Plate automation has proved it's worth - a field report from Heilbronner Stimme

Plate automation has proved it's worth - a field report from Heilbronner Stimme
Plate sorter in the press control room

In today’s market environment, printers have to be flexible enough to react to very tight time lines and – at the same time – be able to fulfill even the highest demands in terms of output and quality. In this context, automation can be a decisive factor and at Heilbronner Stimme, this was particularly true for the pre-press department after a new press had been installed in 2014. Competent partners were needed in order to fully utilize the new presses’ speed and efficiency.

Heilbronner Stimme was founded in 1946 as a newspaper publishing company. Today it is the parent house of a modern, versatile and still family-led media group. Six hundred employees work at its print facility in Heilbronn, where 250,000 printing plates are consumed per year. With the newspaper being published on 300 days per year, the daily plate consumption lies at approx. 830 plates. Nine regional editions and various advertising journals are produced regularly.

In 2014, Heilbronner Stimme decided to invest in a new press, a KBA Commander CL equipped with an automatic plate changer. The capacity of the new press and the fast plate changes required that further automation steps in the pre-press department were realized in order for plate production to keep up with the presses’ speed. First and foremost, manual plate sorting had to be eliminated and the sorted plates had to be delivered as closely to the new press as possible. Manual plate handling as it had been practiced before was inacceptable, i.e. sorting the plates by hand for each print job, stacking them on trolleys and rolling them to the press room, where they were manually fitted on the press cylinders. The entire process had to be rethought.

At the same time, all capacities had to be checked and the option of introducing new CtP devices with higher plate throughput be evaluated. During the first stage of the project, there were also two plate formats that had to be processed. 

Hence the automation project triggered a complete re-evaluation of the established production processes and their adaptation to the new environment. “A high level of automation also bears certain risks” explains Juergen Mueller, Printing Plant Manager at Heilbronner Stimme, “because it diminishes the flexibility in the work processes and makes manual interference difficult, if not impossible.” In Heilbronn, the entire process of plate production was reconsidered. “On the new press, printing plates are always fed into the plate changer in a set of four plates that are mounted vertically above each other. The new plate sorting logic had to take this into account and, at the same time, provide more flexibility and a certain leeway”, says Mueller. “We used each opportunity to discuss the situation internally and also externally with our proven suppliers and, finally, we were able to develop our own new logic.”

Today, Heilbronner Stimme uses Agfa CtP-devices, offset plates and software (Arkitex), paired with register punching and bending systems (VCPevolution HS 800) and a plate transport system with plate sorter directly in the press control room from NELA. The plates are now automatically sorted according to print job and print unit, including completeness check and status indication on a large screen right by the sorter.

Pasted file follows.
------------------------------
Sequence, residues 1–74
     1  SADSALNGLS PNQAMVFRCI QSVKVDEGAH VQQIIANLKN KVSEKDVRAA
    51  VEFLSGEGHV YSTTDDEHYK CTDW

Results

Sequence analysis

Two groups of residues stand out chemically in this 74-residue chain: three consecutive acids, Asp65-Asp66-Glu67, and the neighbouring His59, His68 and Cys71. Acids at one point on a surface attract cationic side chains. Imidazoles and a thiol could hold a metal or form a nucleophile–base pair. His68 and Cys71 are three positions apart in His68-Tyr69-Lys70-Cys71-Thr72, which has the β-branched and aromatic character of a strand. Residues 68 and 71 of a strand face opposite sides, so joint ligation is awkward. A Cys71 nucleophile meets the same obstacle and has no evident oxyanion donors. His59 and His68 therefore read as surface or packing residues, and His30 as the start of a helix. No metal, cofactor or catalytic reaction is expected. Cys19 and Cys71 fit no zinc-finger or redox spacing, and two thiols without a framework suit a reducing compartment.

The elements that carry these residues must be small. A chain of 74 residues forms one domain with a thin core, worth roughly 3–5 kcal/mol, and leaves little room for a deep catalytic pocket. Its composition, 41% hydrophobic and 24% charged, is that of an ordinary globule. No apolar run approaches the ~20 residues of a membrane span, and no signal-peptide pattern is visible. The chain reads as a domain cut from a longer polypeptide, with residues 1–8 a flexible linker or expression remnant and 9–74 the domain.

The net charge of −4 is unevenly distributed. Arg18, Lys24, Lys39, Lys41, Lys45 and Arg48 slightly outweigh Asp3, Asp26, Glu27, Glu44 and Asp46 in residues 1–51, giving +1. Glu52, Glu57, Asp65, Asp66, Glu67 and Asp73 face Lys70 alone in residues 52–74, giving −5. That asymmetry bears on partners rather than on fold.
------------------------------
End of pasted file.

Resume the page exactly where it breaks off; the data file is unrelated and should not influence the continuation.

The software solutions from Agfa Graphics allow for an automation of various processes, so that manual interference is a thing of the past. The level of automation is determined by Heilbronner Stimme according to their requirements. The workflow was set up for plate imaging by print job, plate sequence according to print unit, and automated start of imaging. 

Arkitex Production with its modular design offers individual automation levels. An integration of the printing press with Arkitex Production creates added value in the plate production. A 2D-barcode is imaged in the non-printing area of the plates. This barcode includes information such as job number, number of plates for the job, press unit. The imaged plates are transported directly to the press control room and sorted by print job or press unit. With the information from the 2D-barcode, the plates are always sorted correctly and in the required sequence for the automatic plate changer. Sorting can be static or dynamic, and the sorter is split up into several “stations” so that plates for several print jobs can be produced at the same time. The press operators just have to take the pre-sorted plates to the press. As soon as one “station” is emptied completely, a signal is sent to start imaging the next job in line – “just in time” and without any manual handling. 

„We have taken a lot of time to question our own processes and routines, which, in our opinion, is absolutely necessary in order to create added value through an investment like this,” resumes Hans-Juergen Mueller. “We focused on the efficiency of our processes and also tried to consider future developments of the industry. First of all I need to know where I stand and where I want to go and then I can start looking for the right solution.” Asked whether Heilbronner Stimme had reached its goals, Mueller responds with a definite “Yes” and emphasizes again that, with Agfa and NELA he had strong partners on his side who accompanied him through the entire project. Today, man-less production from pre-press to press control room is reality and all automatic processes are fully integrated. 

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